Assessing World Bank Support for Trade, 1987-2004: An IEG Evaluation

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World Bank Publications, Mar 14, 2006 - Business & Economics - 246 pages
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An independent evaluation of the World Bank's extensive support to developing countries on trade issues between 1987 and 2004. The study assesses the development effectiveness of World Bank trade-related advocacy, capacity-building, lending and research. It examines the extent to which the Bank's policies and assistance have met its stated objectives in the area of trade and makes recommendations to strengthen the effectiveness of future Bank trade assistance.
 

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Page 42 - Europe and Central Asia Latin America and the Caribbean Middle East and North Africa...
Page xxiv - UNCTAD United Nations Conference on Trade and Development UNDP United Nations Development Programme UNEP United Nations Environment Programme...
Page 232 - The consensus can be crudely expressed in terms of a number of do's and don'ts: demonopolize trade; streamline the import regime; reduce red tape and implement transparent customs procedures; replace quantitative restrictions with tariffs; avoid extreme variation in tariff rates and excessively high rates of effective protection; allow exporters duty-free access to imported inputs; refrain from large doses of antiexport bias; do not tax export crops too highly.
Page 78 - Organization (UNESCO), the Food and Agriculture Organization (FAO), the World Health Organization (WHO), and the World Meteorological Organization (WMO), and from these it draws financial or other support.
Page 228 - Country performance is assessed against a set of 16 criteria grouped into four clusters: economic management, structural policies, policies for social inclusion and equity, and public sector management and institutions.
Page 226 - Committee and by the President of the World Bank and the Managing Director of the International Monetary Fund.
Page 56 - ODA directed to activities intended to enhance the ability of the recipient country to formulate and implement a trade development strategy and create an enabling environment for increasing the volume and value added of exports, diversifying export products and markets and increasing foreign investment to generate jobs and trade...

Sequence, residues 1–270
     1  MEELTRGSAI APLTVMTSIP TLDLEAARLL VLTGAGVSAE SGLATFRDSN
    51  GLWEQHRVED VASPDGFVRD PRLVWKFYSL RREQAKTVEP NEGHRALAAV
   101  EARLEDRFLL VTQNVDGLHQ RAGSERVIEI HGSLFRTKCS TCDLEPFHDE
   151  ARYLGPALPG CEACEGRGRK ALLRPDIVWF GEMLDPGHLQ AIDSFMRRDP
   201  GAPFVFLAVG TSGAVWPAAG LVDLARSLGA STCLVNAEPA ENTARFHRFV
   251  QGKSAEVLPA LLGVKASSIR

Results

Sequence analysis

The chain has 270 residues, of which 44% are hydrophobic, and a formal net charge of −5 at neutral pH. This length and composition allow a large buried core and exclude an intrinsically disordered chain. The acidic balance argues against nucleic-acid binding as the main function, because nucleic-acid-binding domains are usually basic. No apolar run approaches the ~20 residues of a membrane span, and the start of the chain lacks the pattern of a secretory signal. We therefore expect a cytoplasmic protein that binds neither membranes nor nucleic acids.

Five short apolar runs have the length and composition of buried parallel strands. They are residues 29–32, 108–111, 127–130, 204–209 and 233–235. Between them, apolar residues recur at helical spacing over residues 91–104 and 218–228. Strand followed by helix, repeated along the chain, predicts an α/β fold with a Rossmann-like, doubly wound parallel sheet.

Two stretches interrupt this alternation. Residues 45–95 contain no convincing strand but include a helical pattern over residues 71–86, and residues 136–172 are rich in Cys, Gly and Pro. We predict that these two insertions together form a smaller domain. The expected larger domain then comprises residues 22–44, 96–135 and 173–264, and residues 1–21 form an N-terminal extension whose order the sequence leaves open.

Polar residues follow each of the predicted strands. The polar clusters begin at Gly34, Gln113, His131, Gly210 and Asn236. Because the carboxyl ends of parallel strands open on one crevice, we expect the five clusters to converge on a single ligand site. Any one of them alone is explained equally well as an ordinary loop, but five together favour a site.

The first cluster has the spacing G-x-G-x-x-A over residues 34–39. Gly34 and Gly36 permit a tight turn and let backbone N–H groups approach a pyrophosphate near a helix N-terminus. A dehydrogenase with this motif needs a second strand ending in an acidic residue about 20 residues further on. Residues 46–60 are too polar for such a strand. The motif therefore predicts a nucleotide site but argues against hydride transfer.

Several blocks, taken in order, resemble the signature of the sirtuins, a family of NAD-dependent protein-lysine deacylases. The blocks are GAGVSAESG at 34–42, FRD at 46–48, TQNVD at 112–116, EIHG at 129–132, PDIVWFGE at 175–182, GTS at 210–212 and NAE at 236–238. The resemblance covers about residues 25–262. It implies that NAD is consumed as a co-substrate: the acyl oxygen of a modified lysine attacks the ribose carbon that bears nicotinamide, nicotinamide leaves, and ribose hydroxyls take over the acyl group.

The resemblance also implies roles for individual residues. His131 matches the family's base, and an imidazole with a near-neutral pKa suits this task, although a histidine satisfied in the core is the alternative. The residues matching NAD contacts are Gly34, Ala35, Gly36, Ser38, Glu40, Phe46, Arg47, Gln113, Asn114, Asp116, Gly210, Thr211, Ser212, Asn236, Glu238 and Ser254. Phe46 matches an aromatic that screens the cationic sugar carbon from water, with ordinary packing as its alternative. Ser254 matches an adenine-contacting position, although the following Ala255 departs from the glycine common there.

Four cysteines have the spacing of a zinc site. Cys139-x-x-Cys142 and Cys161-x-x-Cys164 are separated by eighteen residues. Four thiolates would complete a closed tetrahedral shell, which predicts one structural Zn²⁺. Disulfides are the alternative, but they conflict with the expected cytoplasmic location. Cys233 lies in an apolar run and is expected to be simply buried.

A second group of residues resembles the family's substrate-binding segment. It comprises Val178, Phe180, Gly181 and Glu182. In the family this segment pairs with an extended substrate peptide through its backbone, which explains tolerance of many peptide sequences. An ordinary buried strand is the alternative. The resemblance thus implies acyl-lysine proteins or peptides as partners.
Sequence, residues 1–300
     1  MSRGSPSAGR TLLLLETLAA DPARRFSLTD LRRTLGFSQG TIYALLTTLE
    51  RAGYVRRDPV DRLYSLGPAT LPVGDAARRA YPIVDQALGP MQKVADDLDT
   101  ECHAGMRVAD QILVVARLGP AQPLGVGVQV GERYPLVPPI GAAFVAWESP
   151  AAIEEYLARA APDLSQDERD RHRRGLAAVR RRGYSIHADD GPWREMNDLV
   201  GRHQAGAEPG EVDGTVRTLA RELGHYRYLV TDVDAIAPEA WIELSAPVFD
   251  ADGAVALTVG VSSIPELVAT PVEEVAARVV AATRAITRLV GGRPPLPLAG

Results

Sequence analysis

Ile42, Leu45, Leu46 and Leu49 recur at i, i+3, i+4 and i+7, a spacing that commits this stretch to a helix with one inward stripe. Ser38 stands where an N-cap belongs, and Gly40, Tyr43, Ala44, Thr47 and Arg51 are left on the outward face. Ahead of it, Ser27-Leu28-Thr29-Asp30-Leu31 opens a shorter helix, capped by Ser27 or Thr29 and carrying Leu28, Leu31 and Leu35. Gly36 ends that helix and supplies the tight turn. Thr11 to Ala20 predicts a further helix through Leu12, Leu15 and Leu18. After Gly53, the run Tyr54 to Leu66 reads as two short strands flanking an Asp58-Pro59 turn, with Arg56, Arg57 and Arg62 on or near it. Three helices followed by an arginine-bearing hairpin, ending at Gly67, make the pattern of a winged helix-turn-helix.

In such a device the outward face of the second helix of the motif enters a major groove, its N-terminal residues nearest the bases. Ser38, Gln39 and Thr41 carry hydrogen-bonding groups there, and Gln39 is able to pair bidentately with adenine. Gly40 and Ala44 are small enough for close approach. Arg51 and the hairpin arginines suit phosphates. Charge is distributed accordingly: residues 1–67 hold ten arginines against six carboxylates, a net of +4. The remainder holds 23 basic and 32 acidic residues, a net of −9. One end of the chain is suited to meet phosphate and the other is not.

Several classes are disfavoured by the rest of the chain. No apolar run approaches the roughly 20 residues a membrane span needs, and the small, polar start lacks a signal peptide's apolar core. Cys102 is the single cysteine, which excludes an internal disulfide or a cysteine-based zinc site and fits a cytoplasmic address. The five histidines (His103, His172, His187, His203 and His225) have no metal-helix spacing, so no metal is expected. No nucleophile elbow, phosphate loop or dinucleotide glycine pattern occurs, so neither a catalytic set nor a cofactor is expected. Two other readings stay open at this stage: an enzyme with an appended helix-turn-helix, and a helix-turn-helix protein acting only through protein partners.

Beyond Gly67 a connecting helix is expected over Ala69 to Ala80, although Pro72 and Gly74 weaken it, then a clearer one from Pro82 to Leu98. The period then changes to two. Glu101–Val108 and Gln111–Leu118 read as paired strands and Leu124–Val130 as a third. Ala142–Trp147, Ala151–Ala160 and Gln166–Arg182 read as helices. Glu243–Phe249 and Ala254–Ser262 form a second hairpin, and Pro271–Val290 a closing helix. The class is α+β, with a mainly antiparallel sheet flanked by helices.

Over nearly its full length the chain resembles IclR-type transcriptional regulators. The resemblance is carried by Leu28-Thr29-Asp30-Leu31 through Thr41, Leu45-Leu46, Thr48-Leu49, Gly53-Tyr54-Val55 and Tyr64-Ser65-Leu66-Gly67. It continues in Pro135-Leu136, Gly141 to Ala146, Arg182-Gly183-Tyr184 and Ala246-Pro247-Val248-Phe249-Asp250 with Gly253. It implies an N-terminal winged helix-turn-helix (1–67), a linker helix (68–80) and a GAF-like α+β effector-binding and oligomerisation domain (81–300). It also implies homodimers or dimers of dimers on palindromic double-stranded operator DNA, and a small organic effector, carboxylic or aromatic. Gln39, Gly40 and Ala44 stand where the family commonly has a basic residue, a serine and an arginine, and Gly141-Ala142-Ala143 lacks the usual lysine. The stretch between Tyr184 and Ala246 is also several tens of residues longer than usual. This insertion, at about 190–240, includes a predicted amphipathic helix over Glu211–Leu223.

Page xxiii - ... intellectual property rights LAC labor advisory committee MAI Multilateral Agreement on Investment MENA Middle East and North Africa Mercosur Southern Cone Common Market MFA Multi-Fiber Agreement MFFTA most favored FTA MFN most favored nation NAAEC North American Agreement on Environmental Cooperation NAFTA North American Free Trade Agreement NGO nongovernmental organization NTB nontariff barrier PTA preferential trade arrangement QIZ qualifying industrial zone SACU Southern African Customs Union...
Page 234 - development space' for diversification and upgrading policies in developing countries is being shrunk behind the rhetorical commitment to universal liberalization and privatization. The rules being written into multilateral and bilateral agreements actively prevent developing countries from pursuing the kinds of industrial and technology policies adopted by the newly developed countries of East Asia, and by the older developed countries when they were developing, policies aimed at accelerating the...
Page 77 - Nicaragua is a special case, as it became formally eligible for debt relief under the Heavily Indebted Poor Countries (HIPC) Initiative in 2004 and had much of its debt written off.

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